Turn the other cheek
Go the extra mile
Offer your coat
Give to all who ask
Love your enemies not just our friends, not just our neighbors but love our enemies (think for a moment who that might be…)
Pray for those who persecute you,
Be perfect, as our Lord in Heaven is perfect. (Matthew 5:38-48).
This then is what Matthew records Jesus saying as what he requires of his followers.
How’s that going for you so far?
Given this description, are you making it as a Christian?
Given the data revealed by the Pew Research Center, I’m pretty clear that there are a bunch of white evangelicals who are falling grievously short of Christ’s mark. But casting those stones are way too easy. The question here to be answered, for me is how far below the Christian line am I?
Where are you?
* * *
I spent a fair amount of time, reflecting on this passage: reading, researching…Lots of time. As soon as my spouse Susan warned me, “Have you seen the Gospel for this Sunday? It’s terrible, it’s the “Turn the other cheek one…”
In my study, on this terrible passage, what became quite clear is that many have tried to come up with alternate interpretations that would make this section more palatable, livable, do-able.
What the scholars of any repute have concluded is that Jesus meant every word he said, literally. That turning the other cheek, going the extra mile, is not “a passive acquiescence in the face of violence and harm.” But rather as theologian Matthew Myer Boulton says, “the centerpiece of this teaching is noncooperation with harm in all its forms.”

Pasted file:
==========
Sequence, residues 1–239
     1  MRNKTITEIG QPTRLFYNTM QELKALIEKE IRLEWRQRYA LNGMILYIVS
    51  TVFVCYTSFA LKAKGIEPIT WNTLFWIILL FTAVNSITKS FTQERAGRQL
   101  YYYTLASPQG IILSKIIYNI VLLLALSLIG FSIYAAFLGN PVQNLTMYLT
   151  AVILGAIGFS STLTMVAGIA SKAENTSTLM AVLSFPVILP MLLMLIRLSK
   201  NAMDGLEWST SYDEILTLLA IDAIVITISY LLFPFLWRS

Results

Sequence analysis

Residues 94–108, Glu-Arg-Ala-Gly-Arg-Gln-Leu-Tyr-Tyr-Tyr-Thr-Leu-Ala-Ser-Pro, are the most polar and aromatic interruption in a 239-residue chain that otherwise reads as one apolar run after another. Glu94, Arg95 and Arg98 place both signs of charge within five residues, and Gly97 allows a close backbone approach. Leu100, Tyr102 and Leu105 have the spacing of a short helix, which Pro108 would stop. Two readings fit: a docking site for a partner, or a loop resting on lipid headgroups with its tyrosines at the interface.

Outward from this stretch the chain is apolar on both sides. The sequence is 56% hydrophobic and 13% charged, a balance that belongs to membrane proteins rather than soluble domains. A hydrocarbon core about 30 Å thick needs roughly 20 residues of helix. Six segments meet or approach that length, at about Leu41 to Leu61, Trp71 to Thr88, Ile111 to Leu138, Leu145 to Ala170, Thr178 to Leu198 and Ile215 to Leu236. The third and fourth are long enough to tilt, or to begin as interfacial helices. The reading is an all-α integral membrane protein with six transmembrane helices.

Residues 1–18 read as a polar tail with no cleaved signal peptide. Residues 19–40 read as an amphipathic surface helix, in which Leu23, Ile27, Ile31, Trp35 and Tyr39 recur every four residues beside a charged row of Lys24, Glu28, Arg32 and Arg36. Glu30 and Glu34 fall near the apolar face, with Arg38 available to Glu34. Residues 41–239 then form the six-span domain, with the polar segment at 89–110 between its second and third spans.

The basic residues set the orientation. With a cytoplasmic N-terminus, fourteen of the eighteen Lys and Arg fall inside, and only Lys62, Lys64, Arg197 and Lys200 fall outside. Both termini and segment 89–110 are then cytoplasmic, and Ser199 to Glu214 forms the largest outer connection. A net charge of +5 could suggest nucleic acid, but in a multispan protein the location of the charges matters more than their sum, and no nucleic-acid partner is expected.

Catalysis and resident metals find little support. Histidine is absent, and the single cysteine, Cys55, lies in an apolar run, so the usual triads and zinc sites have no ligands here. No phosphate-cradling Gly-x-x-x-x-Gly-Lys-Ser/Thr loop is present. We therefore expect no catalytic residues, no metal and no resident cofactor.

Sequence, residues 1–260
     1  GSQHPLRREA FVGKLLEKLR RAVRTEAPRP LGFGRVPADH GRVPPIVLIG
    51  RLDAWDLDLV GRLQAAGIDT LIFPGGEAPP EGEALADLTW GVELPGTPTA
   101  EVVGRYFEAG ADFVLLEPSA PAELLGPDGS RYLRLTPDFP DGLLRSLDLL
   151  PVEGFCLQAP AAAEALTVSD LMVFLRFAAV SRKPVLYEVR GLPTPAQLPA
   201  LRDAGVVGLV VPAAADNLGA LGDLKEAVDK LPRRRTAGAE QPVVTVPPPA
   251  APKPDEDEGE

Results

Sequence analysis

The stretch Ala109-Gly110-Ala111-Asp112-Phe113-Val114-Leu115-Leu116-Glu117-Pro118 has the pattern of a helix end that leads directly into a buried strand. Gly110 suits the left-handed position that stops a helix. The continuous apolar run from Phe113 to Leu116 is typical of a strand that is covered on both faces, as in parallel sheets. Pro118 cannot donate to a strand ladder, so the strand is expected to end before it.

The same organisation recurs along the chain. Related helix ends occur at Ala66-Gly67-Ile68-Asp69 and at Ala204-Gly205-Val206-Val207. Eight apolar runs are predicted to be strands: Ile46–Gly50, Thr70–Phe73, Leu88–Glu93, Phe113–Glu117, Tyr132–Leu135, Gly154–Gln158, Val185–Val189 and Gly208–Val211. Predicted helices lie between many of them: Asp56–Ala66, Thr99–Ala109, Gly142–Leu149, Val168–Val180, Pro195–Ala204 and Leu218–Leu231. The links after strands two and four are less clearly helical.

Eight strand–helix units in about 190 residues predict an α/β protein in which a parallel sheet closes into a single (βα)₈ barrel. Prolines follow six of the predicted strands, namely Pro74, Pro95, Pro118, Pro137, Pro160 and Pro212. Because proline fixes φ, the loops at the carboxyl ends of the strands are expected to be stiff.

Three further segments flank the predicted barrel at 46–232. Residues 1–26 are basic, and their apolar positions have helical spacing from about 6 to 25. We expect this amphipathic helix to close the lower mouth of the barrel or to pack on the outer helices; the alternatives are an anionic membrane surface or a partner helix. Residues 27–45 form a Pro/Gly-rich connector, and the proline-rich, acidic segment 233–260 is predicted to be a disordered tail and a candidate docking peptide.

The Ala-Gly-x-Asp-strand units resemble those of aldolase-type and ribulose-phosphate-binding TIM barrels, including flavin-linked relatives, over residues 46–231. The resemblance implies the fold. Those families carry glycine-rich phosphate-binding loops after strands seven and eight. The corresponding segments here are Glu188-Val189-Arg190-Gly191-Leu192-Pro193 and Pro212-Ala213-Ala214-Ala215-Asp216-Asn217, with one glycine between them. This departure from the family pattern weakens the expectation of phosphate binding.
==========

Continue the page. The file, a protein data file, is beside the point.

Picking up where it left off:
That is, you strike me, I will not strike you back, nor will I crumble and fall, instead I will offer you my other cheek so that you may reconsider your previous action. You ask me to carry your goods, as a Roman soldier was permitted to conscript anyone to carry his gear for a mile, then once asked I will offer to you twice what you require. I will do so in such a way that you may see yourself as an honored child of God. And hopefully in those two miles, I too may see past your oppression to your goodness.
Is this a rationale for bowing to abuse, staying silent in the face of oppressive destructive relationships? No. Never. Absolutely not. Nor can anyone of us, ask another to take on any of these activities. None of these actions can faithfully be executed if we lack freedom of choice or will.
But in those times and in those places when we have choice and free will, loving our enemies, turning our cheek, walking the extra mile offers us the possibility of creating a different world, a different place, one where executive orders and travel bans are repudiated by all, and the people who write them are loved into a different way of being. Imagine that one if you will. Love of that sort and that kind for all.
On most days, I call myself a Christian. And on most days I do want to be the person that embodies these beliefs. I want to say, “Hell yeah—with God and God’s help—I will do this.” Each day, I will try to do it again. I claim the gift of Christianity as the fuel that enables me to try, not alone, but with other equally fragile believers, one more time, one more day. Hell yeah. I will with God’s help.